As a lean business consultant working with kaizen, there are a lot of questions about how the two interact. Is kaizen changing in a world of lean start-ups and lean digital? From my perspective, yes and no.
In its very nature, the rapid improvement processes of kaizen are a building block in lean processes. Kaizen focuses on reducing waste and improving productivity by enhancing value for the customer. Lean is about incremental changes to become better each day. From my perspective—it’s about changes that enhance customer experience and service. What happens if you can improve your organization by 1% each day and sustain those improvements? There is enormous potential for change that’s significant and ground-breaking.
Kaizen traditionally involves workers from multiple levels. Through analytical processes like mapping the five whys, kaizen aims to get the whole organization galvanized and pulling in one direction to achieve a goal or overcome a stumbling block. Chosen improvements are implemented rapidly—with follow-ups to ensure changes are sustained.
However, industries like software development change so rapidly that the more flexible model of lean is best to generate meaningful improvement. Here’s why—the driving principle of kaizen is developing a hypothesis, proving it, and replicating it. In software development– something undertaken by almost every large corporation today for external or internal processes—the kaizen cycle has to revolve quickly. It is often faster than what traditional companies think is acceptable). Additionally, it should also account for the following:
A digital environment offers the potential for hundreds (or possibly thousands) of experiments per day. There are unlimited data streams to tap. Kaizen consulting is important. Failure to act properly during a quick event can result in changes that do not satisfy needs or strengthen an organization. It is change for the sake of change (and doomed to backfire on the customer and the organization).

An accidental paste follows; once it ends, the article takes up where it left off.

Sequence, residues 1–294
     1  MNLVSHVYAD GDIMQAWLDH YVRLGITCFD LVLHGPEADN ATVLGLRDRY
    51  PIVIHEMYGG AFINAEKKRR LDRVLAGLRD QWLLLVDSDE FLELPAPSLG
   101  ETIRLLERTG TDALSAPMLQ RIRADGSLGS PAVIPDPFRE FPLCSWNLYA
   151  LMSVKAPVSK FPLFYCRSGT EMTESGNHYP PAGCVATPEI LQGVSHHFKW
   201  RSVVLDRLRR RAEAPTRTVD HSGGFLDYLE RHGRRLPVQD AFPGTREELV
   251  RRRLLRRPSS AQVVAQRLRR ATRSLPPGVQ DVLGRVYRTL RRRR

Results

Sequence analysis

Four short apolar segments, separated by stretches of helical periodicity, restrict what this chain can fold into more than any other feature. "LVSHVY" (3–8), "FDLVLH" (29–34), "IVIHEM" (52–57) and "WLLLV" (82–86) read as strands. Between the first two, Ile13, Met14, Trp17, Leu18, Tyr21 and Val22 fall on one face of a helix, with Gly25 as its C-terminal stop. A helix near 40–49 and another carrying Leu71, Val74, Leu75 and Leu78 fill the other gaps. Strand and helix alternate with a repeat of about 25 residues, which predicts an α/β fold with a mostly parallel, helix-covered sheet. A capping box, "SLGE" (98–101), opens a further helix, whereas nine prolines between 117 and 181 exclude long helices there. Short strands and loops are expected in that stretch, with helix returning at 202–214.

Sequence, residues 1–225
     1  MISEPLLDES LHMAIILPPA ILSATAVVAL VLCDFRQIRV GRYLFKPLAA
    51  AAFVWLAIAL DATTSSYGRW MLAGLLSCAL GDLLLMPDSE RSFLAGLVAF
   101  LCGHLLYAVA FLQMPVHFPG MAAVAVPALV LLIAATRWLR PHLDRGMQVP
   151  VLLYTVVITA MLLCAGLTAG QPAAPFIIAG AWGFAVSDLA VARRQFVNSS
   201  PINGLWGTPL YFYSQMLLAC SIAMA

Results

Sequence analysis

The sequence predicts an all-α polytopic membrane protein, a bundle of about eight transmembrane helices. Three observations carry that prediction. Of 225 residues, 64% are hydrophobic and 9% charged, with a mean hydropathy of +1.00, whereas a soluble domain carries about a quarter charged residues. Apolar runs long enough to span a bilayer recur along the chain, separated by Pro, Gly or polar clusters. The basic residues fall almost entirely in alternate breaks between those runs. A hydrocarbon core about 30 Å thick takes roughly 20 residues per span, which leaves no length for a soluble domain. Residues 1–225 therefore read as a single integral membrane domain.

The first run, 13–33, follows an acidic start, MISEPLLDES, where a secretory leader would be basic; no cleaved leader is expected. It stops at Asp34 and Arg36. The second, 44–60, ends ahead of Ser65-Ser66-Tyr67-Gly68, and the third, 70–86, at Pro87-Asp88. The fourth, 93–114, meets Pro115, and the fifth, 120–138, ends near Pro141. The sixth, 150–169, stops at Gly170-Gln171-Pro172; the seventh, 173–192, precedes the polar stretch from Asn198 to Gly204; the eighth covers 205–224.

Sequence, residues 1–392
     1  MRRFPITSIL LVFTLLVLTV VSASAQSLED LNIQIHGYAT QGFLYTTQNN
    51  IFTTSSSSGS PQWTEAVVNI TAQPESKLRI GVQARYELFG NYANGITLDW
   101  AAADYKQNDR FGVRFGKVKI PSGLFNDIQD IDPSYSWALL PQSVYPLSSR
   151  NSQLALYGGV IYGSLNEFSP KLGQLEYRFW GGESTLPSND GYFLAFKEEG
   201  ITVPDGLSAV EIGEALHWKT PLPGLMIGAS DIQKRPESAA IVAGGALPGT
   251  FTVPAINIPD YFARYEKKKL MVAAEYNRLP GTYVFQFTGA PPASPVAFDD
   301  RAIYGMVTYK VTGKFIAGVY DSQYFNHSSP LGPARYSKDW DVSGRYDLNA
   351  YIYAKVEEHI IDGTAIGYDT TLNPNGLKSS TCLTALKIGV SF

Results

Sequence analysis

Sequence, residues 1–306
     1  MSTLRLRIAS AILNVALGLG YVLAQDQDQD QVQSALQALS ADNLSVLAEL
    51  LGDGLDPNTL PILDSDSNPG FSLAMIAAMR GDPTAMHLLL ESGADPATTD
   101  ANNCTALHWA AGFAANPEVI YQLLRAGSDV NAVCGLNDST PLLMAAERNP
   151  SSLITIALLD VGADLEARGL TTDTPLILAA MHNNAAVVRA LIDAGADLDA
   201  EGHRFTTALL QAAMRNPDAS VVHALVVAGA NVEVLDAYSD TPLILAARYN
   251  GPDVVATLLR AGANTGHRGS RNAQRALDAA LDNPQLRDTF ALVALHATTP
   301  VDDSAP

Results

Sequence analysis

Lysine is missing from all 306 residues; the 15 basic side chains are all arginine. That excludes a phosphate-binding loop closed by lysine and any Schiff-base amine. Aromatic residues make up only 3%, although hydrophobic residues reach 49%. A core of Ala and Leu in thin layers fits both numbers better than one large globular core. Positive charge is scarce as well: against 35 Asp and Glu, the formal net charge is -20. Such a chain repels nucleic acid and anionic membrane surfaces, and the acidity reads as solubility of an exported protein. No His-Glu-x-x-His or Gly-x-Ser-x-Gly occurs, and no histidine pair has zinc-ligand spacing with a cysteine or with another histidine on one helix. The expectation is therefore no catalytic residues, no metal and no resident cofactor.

Kaizen is a great tool for uncovering and eliminating hidden wastes and non-purposeful activities that only create frustration for team members, ultimately manifesting in suboptimal experiences for your customers. Lean always looks at improvement through the lens of customer satisfaction. It’s a fast and flexible approach that aims to cut costs by making the business more efficient, budget-savvy, and responsive to customer needs.
Kaizen can be—should be–a part of business improvement. Just remember, it was conceived 25 years ago—traditional kaizen has been outpaced by the needs of modern industries, working in digital environments where change is driven by new trends, technologies, and needs in highly competitive markets.
Through lean, I work to speed up the velocity through methods that aim to make large organizations more efficient and responsive to market needs. As an international business consultant working in the US and Canada, I bring expertise from a variety of backgrounds— aerospace engineering, consumer manufacturing, healthcare, software development and agriculture to guide organizations that want to improve quality, cost, and delivery.
Let’s talk about how Lean can transform your organization. Contact me to set up a free discussion about kaizen consulting.